Released Tibetan ‘in Poor Health’

A Tibetan monk is dangerously ill following his release from jail.
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A horseman shoots an arrow as part of a performance at the Lithang Horse Festival, Aug. 1, 2006.
A horseman shoots an arrow as part of a performance at the Lithang Horse Festival, Aug. 1, 2006.

A Tibetan monk detained by Chinese authorities for a three-year period was tortured in jail and is in poor health, according to Tibetan sources.

Jamyang Tenzin was detained in October 2007 for resisting a political re-education campaign at his monastery following protests at a horse-racing festival in Lithang, in the Kardze (in Chinese, Ganzi) Tibetan Autonomous Prefecture in western China’s Sichuan province.

He was scheduled for an early release in August but was released only on Oct. 8, after refusing to “sign documents” or to accept Chinese conditions for his release, said Lobsang Dawa Rinpoche, a Tibetan monk living in India and citing contacts in Tibet.

“The Tibetan public planned to host a grand reception for him, but the Chinese authorities forbade any kind of gathering and threatened to send Jamyang Tenzin back to prison if any reception were held,” Lobsang Dawa said.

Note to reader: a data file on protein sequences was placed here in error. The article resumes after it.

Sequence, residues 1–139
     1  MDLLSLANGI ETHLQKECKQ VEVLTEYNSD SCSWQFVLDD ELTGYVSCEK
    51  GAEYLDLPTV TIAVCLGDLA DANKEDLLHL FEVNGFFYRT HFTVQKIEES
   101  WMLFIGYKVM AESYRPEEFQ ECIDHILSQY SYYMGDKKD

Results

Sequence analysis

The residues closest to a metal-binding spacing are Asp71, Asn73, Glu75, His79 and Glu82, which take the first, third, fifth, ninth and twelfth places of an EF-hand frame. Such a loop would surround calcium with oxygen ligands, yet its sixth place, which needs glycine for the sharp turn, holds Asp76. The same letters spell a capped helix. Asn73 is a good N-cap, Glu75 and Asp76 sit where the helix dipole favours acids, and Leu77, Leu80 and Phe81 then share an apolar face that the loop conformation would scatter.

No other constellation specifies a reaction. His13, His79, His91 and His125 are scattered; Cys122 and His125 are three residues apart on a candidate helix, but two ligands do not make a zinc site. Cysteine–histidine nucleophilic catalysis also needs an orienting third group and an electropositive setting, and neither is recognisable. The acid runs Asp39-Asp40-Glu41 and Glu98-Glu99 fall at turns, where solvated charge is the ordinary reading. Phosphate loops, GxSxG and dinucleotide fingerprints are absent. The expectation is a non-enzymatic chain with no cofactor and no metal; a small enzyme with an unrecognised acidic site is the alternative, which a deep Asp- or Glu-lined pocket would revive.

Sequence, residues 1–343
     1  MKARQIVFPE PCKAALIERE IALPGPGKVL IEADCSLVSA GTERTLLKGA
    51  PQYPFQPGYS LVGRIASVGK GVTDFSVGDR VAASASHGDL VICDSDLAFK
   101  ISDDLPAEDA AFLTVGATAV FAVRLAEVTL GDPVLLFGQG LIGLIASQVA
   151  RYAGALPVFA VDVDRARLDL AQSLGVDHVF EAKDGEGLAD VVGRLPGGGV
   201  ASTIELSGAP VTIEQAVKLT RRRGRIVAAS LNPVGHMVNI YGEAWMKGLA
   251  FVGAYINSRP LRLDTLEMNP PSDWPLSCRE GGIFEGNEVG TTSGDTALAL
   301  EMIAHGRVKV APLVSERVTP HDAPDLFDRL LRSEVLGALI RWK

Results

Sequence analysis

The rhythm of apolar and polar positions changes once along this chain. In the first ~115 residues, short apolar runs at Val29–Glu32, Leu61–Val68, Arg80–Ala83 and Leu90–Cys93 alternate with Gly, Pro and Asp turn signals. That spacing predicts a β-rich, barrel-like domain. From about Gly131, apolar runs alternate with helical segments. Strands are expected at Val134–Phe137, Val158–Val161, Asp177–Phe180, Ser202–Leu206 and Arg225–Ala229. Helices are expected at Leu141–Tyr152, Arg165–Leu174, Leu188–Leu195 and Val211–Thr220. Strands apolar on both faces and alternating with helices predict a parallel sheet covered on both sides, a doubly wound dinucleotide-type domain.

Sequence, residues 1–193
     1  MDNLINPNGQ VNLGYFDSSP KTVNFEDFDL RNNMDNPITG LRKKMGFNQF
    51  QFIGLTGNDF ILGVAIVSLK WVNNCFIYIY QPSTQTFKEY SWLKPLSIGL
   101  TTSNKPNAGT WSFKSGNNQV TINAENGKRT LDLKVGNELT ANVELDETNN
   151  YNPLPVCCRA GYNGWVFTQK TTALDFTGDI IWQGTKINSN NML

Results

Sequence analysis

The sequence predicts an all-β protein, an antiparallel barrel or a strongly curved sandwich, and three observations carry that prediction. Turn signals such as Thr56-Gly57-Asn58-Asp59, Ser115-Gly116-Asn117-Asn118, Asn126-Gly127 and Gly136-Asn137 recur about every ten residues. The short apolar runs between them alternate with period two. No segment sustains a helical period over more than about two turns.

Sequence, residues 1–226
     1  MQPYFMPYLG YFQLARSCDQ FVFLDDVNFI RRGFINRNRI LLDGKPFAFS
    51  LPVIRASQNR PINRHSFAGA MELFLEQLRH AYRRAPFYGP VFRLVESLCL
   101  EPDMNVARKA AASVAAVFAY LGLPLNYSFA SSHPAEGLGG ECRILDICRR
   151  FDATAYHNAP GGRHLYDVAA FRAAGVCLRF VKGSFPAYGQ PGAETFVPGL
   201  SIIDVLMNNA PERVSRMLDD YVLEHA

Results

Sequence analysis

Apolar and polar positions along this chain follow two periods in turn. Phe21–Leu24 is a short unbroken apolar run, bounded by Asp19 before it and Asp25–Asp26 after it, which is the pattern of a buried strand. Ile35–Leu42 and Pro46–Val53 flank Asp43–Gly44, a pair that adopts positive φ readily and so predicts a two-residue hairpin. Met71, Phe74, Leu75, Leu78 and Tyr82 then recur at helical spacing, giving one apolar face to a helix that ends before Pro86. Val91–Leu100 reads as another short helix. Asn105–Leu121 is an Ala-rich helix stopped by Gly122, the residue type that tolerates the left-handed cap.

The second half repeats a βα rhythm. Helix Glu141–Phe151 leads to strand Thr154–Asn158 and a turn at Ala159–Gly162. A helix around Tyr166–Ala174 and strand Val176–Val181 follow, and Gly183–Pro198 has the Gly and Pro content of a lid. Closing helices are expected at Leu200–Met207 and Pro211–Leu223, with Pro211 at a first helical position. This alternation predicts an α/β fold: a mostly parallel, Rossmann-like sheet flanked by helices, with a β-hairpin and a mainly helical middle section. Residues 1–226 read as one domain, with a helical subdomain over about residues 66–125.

When Jamyang Tenzin’s family escorted him from prison following his release, they discovered he suffers from kidney and stomach ailments, Lobsang Dawa added. “They took him to a hospital in [the provincial capital] Chengdu, but his health is not good,” he said.

Beatings in jail

Adruk Tseten, a Tibetan living in India and citing his own sources in Tibet, confirmed the account.

“Due to severe torture and beatings while in jail, [Jamyang Tenzin’s] health is very poor,” he said. “He has developed kidney problems and suffers from other internal damage.”

“Jamyang Tenzin used to be very expressive before going to jail,” Adruk Tseten said.  “But after his release on Oct. 8, he avoids meeting or talking to people, and holds himself aloof from others.”

“His family took him to a hospital in Chengdu twice for treatment, but now he is in the local hospital in Lithang.”

Lithang is the site of a traditional horse-racing festival that was closed following a week-long standoff between local Tibetans and police there in August 2007, and has been banned ever since.

At the 2007 festival, a Tibetan nomad, Ronggyal Adrak, grabbed a microphone from a Chinese official and made a speech in support of exiled Tibetan spiritual leader the Dalai Lama.

He was immediately taken into custody and was later sentenced to an eight-year prison term for seeking to “split the country and subvert state power.”

Reported by Rigdhen Dolma for RFA’s Tibetan service. Translations by Karma Dorjee. Written in English by Richard Finney.





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